Monthly Archives: July 2012

What Everyone Missed About the Daniel Tosh Rape Joke Controversy

I never expected Daniel Tosh, of all people, to be the impetus for my first blog post in a month. And since I find him to be one of the most aggravating personalities in entertainment, I didn’t expect to find myself defending him during his ongoing public pillorying over a poorly-interpreted rape joke, of all things.

But here we are.

This Is a Long Post, So You Should Probably Get Some Coffee First

As with all things in life, I want to preface what I’m about to say with three standard disclaimers:

* We never really know what anyone else is thinking.

* We never really know why anyone else does anything they do.

* We never really know why we react to things the way we do.

But unknown unknowns are the lifeblood of the Internet, which has been aflame over this issue for a week now, to the extent that you probably can’t think of anything else that could be said about this admittedly contentious situation.  However, the reasons I’m even writing about it at all are twofold:

* I’ve long held a silent suspicion about Daniel Tosh’s true intentions

* I think everyone who’s talked about this particular incident has missed the point

Ready?  Here we go.

The Setup

As well-documented on sites like MamaPop:

In case you missed it, Rape.0 went a little something like this.  Tosh, known for being as inappropriate and equal-opportunity-irritating, was doing a bit about how there are horrific things in the world and that being horrific doesn’t mean there aren’t jokes to be made.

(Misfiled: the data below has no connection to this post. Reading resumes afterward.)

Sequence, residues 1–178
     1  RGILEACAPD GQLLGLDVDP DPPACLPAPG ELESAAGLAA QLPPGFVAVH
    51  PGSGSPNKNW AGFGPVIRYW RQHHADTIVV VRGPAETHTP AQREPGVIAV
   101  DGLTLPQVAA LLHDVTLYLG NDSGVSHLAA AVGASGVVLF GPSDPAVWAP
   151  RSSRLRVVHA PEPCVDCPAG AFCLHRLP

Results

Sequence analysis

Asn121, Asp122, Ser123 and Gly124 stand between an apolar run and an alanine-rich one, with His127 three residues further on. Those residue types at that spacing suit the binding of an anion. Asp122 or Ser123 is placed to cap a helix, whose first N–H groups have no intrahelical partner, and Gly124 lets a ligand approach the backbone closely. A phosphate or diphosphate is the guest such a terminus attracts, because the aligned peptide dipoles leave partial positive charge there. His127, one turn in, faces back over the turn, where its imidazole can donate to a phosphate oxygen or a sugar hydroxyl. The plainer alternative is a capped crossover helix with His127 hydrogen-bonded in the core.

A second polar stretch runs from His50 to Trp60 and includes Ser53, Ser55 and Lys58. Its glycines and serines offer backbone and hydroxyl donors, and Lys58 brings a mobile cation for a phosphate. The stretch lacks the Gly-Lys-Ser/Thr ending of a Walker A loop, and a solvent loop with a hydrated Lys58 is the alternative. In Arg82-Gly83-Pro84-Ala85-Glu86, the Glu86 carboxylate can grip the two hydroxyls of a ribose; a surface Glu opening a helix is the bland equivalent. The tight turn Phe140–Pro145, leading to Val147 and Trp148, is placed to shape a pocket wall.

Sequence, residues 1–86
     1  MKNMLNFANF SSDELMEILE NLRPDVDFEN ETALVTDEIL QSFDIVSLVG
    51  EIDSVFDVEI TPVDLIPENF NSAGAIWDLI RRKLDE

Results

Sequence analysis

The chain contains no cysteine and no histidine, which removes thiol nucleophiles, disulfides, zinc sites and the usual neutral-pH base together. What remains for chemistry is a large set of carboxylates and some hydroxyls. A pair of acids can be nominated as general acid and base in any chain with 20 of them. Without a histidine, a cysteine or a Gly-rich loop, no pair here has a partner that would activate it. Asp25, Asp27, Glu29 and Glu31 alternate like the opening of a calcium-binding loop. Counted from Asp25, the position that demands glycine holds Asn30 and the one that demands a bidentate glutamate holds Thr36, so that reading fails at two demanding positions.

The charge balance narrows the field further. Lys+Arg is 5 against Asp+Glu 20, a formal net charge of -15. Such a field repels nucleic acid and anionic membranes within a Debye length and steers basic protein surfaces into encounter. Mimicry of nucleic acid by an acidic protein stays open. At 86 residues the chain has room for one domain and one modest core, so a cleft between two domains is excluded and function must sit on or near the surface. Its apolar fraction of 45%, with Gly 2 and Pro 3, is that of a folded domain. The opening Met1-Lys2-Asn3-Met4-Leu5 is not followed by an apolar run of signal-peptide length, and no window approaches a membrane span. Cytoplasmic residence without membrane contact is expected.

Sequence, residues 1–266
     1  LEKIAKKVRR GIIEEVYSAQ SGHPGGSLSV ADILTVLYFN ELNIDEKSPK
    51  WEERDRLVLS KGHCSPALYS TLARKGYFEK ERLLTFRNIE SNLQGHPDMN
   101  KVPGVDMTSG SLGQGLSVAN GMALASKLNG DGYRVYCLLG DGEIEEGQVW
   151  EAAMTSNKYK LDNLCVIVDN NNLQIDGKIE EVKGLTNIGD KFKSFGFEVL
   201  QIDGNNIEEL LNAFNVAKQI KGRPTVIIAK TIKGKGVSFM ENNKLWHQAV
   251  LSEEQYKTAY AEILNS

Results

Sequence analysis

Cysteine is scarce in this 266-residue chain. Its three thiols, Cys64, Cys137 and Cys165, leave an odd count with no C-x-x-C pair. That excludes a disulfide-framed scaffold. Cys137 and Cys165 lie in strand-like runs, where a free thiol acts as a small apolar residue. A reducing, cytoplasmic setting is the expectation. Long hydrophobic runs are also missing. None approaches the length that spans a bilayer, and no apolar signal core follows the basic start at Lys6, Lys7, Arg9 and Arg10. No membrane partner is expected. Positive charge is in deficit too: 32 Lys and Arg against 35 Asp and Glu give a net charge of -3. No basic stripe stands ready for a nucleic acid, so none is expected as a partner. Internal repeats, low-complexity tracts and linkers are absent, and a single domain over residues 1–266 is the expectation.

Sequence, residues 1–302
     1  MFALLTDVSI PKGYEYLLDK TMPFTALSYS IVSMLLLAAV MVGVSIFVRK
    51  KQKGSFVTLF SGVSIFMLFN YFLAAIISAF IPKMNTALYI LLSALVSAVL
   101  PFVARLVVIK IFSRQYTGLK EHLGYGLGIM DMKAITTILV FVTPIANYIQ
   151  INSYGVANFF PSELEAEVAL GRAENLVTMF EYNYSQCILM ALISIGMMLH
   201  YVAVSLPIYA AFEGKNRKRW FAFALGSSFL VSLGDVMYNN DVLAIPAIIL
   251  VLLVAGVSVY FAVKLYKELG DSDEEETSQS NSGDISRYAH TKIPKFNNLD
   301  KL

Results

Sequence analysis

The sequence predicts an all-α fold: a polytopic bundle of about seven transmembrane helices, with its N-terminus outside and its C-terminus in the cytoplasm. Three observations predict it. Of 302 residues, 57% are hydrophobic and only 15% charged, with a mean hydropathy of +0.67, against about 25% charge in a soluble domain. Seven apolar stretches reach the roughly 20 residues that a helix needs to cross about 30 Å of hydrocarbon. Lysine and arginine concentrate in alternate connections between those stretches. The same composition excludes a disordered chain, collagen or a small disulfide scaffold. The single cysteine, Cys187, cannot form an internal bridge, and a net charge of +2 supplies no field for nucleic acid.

The woman blogged:

I yelled out, “Actually, rape jokes are never funny!”

I did it because, even though being “disruptive” is against my nature, I felt that sitting there and saying nothing, or leaving quietly, would have been against my values as a person and as a woman. I don’t sit there while someone tells me how I should feel about something as profound and damaging as rape.

After I called out to him, Tosh paused for a moment. Then, he says, “Wouldn’t it be funny if that girl got raped by like, 5 guys right now? Like right now? What if a bunch of guys just raped her…” and I, completely stunned and finding it hard to process what was happening but knowing i needed to get out of there, immediately nudged my friend, who was also completely stunned, and we high-tailed it out of there. It was humiliating, of course, especially as the audience guffawed in response to Tosh, their eyes following us as we made our way out of there. I didn’t hear the rest of what he said about me.

And then, after the blogosphere picked up the story and took Tosh to task, he apologized on Twitter:

The Problem

To me, the real problem isn’t that Daniel Tosh made a joke about rape.

To me, the problem is that nobody seems to understand what Daniel Tosh actually does for a living.

Let me qualify the following argument with one caveat: I’ve never actually seen Daniel Tosh live.  I’ve watched dozens of episodes of his TV show, Tosh.0.  I’ve read a little about him.  I’ve watched some of his stand-up routines on Comedy Central.  But I’ve never actually paid to see him live, unedited, and physically delivering his routines, so my impression of him is limited to the same reduced context that everyone has access to.

That said, I think Daniel Tosh is probably the most misunderstood comedian on the planet.

Yes, his routines are almost always designed to offend someone. He’s often accused of being misogynist, racist, homophobic, or any other designation you can assign to a person who denigrates others for a living.  And yes, he’s clearly doing it all on purpose, to push his audience’s buttons and provoke them into a specific reaction.

I just don’t think we give him enough credit for the reaction he’s actually pursuing.

What do I think he’s actually trying to do?

I think Daniel Tosh is trying to make you angry enough to stop paying attention to Daniel Tosh.

Let me explain.